posted by zanpo at 7:15 AM on August 27, 2001


Whatever you think of "W", Clinton or George Bush, there is a legitimate point to keeping an eye on Iraq, namely, nuclear, biological and chemical proliferation.

As for intelligence being gathered (arms, stuff crossing the border), don't expect that to be announced on the evening news.

Of course, most or all of much intelligence can be gathered by satellite. So employing drones is probably to test Iraq's defense defensive weapon systems.
posted by ParisParamus at 7:23 AM on August 27, 2001


I totally agree that we need to keep tabs on Saddam (whose name I was called during the Gulf War...S-Adam Hussein), but I don't particularly think the methodology (or what we are told about) can do a damned bit of good. If they know where the stuff is, take it out. Better than *only* flying around all day and launching missiles at fiber optic cables. It just seems like a half-measure to me. But I could be wrong. And since I am on MeFi, I probably am ;-)
posted by adampsyche at 7:40 AM on August 27, 2001


Whatever you think of "W", Clinton or George Bush, there is a legitimate point to keeping an eye on Iraq, namely, nuclear, biological and chemical proliferation.

Can we not just check our invoices? After all, we sold Iraq most of his kit.
posted by holgate at 8:24 AM on August 27, 2001


Can we not just check our invoices? After all, we sold Iraq most of his kit.

I doubt that's true, at least any more. We didn't sell them the weapons we're affraid of. They're home-brewed, or being sold by the "usual suspects."
posted by ParisParamus at 9:19 AM on August 27, 2001


revbrian, I guess my comment came more from an economic standpoint than a policy one. I feel that we will be keeping tabs on them regardless, and at least the predator offers a cost for gain ratio that is uniquely successful in today's military industrial complex. UAVs remind me a lot of similar efforts within NASA to use some common sense and produce smaller scale projects that do only what is required. I don't see why it is pointless to keep flying these missions. They have produced results in terms of giving us the latitude to destroy their radar systems. It's all a big picture that will never be made clearly public due to national security concerns. And to beagle's point, the US didn't name it Predator, General Dynamics did. Would you buy furniture from a store called Unpainted Huffheim's?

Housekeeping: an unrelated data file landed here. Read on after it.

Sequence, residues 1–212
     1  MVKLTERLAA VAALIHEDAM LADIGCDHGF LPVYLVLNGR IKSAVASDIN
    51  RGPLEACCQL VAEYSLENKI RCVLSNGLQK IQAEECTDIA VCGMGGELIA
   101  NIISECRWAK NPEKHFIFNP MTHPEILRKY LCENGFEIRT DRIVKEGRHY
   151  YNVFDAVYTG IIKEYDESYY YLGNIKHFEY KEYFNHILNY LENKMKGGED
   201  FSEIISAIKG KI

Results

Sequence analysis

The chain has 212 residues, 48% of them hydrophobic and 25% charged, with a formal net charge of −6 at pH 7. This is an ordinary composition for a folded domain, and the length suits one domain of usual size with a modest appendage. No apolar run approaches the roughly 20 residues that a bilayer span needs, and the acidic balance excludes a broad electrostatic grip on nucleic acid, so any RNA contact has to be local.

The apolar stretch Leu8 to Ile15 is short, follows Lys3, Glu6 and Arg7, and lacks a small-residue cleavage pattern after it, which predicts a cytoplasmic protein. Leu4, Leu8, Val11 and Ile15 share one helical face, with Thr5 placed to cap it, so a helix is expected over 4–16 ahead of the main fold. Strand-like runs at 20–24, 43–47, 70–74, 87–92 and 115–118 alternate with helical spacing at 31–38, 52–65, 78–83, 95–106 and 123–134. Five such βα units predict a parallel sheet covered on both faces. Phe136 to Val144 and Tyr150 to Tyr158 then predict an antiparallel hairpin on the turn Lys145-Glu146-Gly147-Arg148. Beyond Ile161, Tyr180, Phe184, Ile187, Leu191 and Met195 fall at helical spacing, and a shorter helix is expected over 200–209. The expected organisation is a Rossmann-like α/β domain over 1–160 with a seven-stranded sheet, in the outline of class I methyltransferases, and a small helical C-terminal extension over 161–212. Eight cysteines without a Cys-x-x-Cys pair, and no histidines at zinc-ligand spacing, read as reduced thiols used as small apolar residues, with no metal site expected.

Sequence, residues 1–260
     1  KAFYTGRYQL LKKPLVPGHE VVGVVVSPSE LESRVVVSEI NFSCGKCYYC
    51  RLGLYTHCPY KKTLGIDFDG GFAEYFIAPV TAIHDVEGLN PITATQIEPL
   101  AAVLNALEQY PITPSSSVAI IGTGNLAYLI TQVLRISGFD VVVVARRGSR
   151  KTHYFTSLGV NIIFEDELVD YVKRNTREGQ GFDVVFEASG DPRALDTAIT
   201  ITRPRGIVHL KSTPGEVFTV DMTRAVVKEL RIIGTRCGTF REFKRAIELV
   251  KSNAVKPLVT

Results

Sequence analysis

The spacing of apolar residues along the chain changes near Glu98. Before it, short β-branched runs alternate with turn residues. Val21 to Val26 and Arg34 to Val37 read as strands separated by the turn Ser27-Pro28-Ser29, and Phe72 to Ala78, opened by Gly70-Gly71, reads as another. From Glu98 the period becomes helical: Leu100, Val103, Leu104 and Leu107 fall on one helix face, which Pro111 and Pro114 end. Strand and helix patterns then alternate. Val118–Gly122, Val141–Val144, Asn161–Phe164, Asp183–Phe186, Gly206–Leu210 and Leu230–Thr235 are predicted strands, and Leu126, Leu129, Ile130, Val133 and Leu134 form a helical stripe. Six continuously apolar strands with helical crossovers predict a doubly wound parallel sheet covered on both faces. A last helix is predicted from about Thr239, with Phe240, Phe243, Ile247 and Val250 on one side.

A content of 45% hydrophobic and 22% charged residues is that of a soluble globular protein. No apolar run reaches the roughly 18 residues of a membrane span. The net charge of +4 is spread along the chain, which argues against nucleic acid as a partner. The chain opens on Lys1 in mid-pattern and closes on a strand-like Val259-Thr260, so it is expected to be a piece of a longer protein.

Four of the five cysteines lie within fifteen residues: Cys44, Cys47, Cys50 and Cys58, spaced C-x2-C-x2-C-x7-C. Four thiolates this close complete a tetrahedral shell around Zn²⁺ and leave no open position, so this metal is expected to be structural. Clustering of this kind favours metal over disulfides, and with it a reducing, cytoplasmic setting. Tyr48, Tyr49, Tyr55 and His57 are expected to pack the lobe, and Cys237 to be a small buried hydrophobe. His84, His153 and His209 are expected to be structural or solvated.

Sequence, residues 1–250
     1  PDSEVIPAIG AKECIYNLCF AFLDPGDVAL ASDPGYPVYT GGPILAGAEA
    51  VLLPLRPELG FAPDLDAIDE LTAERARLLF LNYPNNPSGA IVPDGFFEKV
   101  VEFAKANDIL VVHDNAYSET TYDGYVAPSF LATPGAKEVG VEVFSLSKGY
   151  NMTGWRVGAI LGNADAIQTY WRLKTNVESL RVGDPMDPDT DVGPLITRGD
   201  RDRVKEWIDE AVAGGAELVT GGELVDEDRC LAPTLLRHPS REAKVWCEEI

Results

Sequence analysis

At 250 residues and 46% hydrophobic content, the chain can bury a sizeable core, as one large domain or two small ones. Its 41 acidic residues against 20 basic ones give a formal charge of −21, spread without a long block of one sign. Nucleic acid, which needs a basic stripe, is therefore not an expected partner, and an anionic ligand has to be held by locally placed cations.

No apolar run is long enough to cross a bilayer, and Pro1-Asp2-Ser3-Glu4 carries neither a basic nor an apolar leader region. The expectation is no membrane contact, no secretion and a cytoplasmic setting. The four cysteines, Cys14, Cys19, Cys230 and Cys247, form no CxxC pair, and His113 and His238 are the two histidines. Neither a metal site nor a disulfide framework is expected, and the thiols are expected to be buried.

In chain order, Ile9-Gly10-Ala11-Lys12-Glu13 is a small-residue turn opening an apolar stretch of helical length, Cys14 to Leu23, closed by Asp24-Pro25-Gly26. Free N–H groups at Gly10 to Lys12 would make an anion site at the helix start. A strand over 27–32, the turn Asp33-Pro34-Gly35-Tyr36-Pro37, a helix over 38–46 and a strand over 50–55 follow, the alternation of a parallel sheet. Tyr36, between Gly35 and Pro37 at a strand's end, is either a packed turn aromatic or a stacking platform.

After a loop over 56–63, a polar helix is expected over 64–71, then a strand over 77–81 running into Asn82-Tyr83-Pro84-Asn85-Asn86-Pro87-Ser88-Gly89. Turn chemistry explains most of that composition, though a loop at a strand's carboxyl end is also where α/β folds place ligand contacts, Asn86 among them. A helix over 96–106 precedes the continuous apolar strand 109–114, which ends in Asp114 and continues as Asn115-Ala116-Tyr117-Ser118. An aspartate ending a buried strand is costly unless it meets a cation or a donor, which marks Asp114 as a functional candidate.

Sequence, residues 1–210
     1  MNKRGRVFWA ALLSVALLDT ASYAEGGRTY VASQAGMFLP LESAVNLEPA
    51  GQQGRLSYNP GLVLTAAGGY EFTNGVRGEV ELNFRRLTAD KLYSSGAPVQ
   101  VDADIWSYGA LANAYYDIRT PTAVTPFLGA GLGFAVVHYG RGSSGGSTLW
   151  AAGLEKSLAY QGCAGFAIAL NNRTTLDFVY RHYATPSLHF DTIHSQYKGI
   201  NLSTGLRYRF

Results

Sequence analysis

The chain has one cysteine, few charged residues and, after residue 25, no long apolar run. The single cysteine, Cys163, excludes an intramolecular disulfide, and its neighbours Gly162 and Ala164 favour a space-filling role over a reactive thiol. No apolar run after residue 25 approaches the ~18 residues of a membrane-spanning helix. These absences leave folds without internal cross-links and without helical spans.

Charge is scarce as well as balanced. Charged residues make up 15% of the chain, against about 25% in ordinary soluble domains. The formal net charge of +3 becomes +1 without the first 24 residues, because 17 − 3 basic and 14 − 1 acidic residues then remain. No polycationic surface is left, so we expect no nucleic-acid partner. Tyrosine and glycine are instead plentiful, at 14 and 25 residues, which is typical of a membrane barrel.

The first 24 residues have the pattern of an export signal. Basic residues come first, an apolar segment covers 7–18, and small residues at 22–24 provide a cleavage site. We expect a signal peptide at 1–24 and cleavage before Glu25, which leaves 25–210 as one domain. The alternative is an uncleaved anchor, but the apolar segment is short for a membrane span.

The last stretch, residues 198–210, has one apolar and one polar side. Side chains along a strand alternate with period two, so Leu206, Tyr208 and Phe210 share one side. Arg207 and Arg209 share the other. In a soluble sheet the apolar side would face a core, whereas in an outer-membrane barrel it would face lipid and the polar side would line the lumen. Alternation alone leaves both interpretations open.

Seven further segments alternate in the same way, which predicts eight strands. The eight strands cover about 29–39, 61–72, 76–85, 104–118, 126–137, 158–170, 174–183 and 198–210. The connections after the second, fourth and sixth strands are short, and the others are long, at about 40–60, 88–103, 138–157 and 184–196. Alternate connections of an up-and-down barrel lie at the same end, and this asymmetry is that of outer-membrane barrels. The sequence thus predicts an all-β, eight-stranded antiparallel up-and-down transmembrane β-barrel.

posted by machaus at 9:56 AM on August 27, 2001


I would imagine at some point in the next 20 years there won't be a reason to have human pilots (at least in the planes themselves). Same would go for tanks, etc.
posted by revbrian at 10:20 AM on August 27, 2001


Why does the US, a nation that says it needs huge armed forces and ultra-sophisticated weaponry purely for defense purposes, pick such aggressive names for its military hardware?

Yeah, like: Pave Penny, Seek Spinner, Penguin, Maverick, Sparrow, Magic, Durandal, Paveway, Have Lite, and Tacit Rainbow. (That last one is especially warlike, isn't it?)

A lot of weapon names are chosen by the vendors. They believe -- wrongly -- that professional warfighters will be influenced by a "fierce" name.
posted by joaquim at 3:01 PM on August 27, 2001


Yeah, I think that it will be OK.
posted by jaynesbit at 4:17 PM on August 27, 2001